Wednesday, 31 October 2007

Cadbury World

We're doing home ed today. This involves a train trip to Cadbury World chocolate factory to meet an organised group of home educators, some of whom look like they know what they're doing and probably do it properly too. instead of mucking about like mummy Grit desperate to get in some maths somewhere, and asking things like 'How many hairs do unicorns have?' before Shark, Squirrel and Tiger all run off to play.

Actually, I don't want to go to Cadbury World, being more posh than that and determined to lose weight from around my British Museum* by tomorrow, but Dig is insistent. Two days ago he starts off with the long-face routine, whining 'Why can't we go to Cadbury World?'

At this point I don't even know there is a home ed trip organised to Cadbury World. Unlike Dig, Grit has not seen the email telling everybody there's a trip to Cadbury World. But Dig has. And Dig says it is very educational knowing about chocolate. In fact he says this several times over the next few hours in about two hundred different ways, most of them in the whining voice that Squirrel uses, until I eventually give in and go and book five places.

And so today can find us hurtling across the shire by car, bound for a train station. Dig says he doesn't want to sit in a traffic jam in Birmingham and is prepared to have me pay the ridiculous cost of five tickets to Brum and back to spare him the anguish. At 70 mph we make it to the station with seven minutes spare. Just enough time to buy the tickets and consider the cost of a portable defibrillator for Dig who has once more got himself into such a state that a portable defibrillator will seem like a bargain. Anyway, he needn't have got so wound up because inevitably the seven minutes ticks on to 37 as the Virgin train is late.

Once aboard, I notice that everyone shuffles about to give us chance to sit together. This is mostly a common experience for us. I reckon that one glance at Shark, Squirrel, Tiger, miserable Grit and a red-faced Dig clutching his chest is enough for Mr and Ms Going-to-a-Meeting to size up what's in store for them, and clear off sharpish. Indeed, the man who gives up his seat to me even suggests he's 'getting off in a minute'. This seems impossible given the fact that the next stop is 45 minutes off, but he may be about to throw himself out of a window. Who can tell.

When we arrive at Cadbury World and meet the rest of the home ed group, I am pleased to say that the Grit and Dig family is not late. In fact we are slightly early, and there is much gloating all round.

Then we go in. Oh dear. Oh dear. Why didn't someone warn me? Cadbury staff start handing out chocolate bars hand over fist. Mummy kill-joy shouts 'Don't eat it now! Save it for later! Give it here, I'll put it in my handbag!' This is, of course, lost on Dig, who's consumed two bars by the time we're ushered past Montezuma in the waxwork display.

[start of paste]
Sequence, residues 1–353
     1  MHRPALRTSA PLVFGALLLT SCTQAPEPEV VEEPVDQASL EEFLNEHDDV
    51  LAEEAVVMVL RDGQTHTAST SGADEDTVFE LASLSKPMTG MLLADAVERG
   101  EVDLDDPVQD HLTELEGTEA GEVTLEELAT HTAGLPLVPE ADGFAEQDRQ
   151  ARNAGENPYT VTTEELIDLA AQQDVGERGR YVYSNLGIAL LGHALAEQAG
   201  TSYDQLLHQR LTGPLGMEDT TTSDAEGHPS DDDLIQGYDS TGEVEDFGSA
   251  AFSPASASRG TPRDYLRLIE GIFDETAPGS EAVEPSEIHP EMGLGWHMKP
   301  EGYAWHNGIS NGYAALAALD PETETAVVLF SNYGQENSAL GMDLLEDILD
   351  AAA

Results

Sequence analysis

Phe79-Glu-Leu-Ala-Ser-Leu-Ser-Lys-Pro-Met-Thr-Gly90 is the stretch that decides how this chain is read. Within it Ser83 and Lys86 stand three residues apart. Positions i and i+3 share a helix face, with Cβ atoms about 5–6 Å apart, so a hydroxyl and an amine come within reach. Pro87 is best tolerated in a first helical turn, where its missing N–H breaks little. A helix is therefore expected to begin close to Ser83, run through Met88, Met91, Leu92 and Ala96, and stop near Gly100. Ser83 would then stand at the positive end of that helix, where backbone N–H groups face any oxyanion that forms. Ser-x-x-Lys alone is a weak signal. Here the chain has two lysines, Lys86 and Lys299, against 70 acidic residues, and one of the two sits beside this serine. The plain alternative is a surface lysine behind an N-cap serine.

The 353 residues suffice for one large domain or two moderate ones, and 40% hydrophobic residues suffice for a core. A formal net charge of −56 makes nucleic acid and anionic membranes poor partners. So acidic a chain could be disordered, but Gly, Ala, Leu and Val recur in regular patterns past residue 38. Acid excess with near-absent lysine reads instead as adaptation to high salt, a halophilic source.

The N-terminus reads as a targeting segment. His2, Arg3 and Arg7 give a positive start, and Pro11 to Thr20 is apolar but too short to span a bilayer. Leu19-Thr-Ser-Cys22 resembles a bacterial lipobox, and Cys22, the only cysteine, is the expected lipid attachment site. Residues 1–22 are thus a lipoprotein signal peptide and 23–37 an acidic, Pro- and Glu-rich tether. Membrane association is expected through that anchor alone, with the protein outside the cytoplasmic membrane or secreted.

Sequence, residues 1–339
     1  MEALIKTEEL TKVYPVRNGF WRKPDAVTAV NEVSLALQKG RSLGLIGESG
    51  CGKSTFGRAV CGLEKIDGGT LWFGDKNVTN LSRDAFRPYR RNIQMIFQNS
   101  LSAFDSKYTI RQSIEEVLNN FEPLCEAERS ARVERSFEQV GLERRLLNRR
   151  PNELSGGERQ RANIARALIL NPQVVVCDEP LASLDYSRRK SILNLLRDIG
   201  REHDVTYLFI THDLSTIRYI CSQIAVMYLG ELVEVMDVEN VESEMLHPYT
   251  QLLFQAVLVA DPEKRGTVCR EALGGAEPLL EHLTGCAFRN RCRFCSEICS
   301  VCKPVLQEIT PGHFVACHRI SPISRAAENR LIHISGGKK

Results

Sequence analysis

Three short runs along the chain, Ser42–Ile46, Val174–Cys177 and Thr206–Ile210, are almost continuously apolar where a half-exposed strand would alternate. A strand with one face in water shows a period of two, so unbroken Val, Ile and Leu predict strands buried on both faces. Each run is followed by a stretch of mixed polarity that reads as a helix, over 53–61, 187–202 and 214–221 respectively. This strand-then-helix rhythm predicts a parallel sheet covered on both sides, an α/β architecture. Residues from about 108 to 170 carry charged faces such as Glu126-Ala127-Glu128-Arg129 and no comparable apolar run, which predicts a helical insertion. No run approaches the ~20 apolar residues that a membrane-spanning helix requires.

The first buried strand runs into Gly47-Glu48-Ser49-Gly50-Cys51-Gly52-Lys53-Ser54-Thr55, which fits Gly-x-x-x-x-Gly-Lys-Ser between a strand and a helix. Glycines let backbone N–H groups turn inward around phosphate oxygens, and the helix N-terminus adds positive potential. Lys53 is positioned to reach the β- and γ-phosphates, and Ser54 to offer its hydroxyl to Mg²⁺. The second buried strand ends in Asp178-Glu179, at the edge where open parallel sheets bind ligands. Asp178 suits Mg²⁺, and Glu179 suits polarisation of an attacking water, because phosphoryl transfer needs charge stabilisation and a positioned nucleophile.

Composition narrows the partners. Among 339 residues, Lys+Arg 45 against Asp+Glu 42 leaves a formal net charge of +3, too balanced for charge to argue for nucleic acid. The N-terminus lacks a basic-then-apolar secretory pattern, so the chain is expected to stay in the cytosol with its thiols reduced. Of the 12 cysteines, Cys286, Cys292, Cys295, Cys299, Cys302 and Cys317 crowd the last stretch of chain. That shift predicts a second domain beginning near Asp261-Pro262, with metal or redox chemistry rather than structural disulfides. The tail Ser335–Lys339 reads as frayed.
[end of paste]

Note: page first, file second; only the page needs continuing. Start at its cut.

And the chocolate never stops. We get a bar for walking along a corridor, a packet of buttons for looking interested, and a bucket of the stuff just for standing upright. By the end of the afternoon, mummy Grit has had enough of Cadbury to last a lifetime and starts shouting about vegetable fat, fair trade Divine, Green and Blacks and Lindt's 80%. The children are no better. Since some irresponsible person has been feeding them chocolate all afternoon they're just at the point to start swearing, staggering and swinging punches at the staff. We have to lead them off to the playground to get some of the sugar out their system before they take on the bouncer who patrols the kiddie area, chucking out the Business Studies GCSE students.

Finally, Cadbury closes to us and we're pointed at the direction of the train station where we have to wend our two-hour journey back home. Grit declares it all very educational in terms of our Explorers project, and for understanding trade patterns around the world. Squirrel says she likes Buttons the best, Tiger demands to know why there weren't any Stars, Shark says she's fed up with eating chocolate now and Dig says he feels sick. And Grit's got two bars of Caramel stashed in her handbag for a rainy day.

* Since the incident with Grit's bum at the British Museum, that delightful body part is now known in family circles as 'the British Museum'. This is quite acceptable on the grounds that the British Museum is filled with wonderful exotica. In considering anything else in there, we may have to draw a discreet veil.


Michelle said...

Tragically, Green & Blacks is now owned by Cadburys.

grit said...

i remain hopeful that fair trade values will soak up into the practices of large corporates ... in this model i can hope that eventually kit kat will be fair trade too.

Allie said...

I have a serious Cadbury habit. Sadly, Green and Blacks has too much actual chocolate in it for me to consume a large amount - it brings on a migraine. I suppose I should settle for eating a small amount of the good quality stuff but I can't.

s.j.simon said...

lol. did you know that chocolate was banned in switzerland for many years. read this

Phoenix said...

Kit Kat is now "fair trade", but Nestle is still evil. Boycott!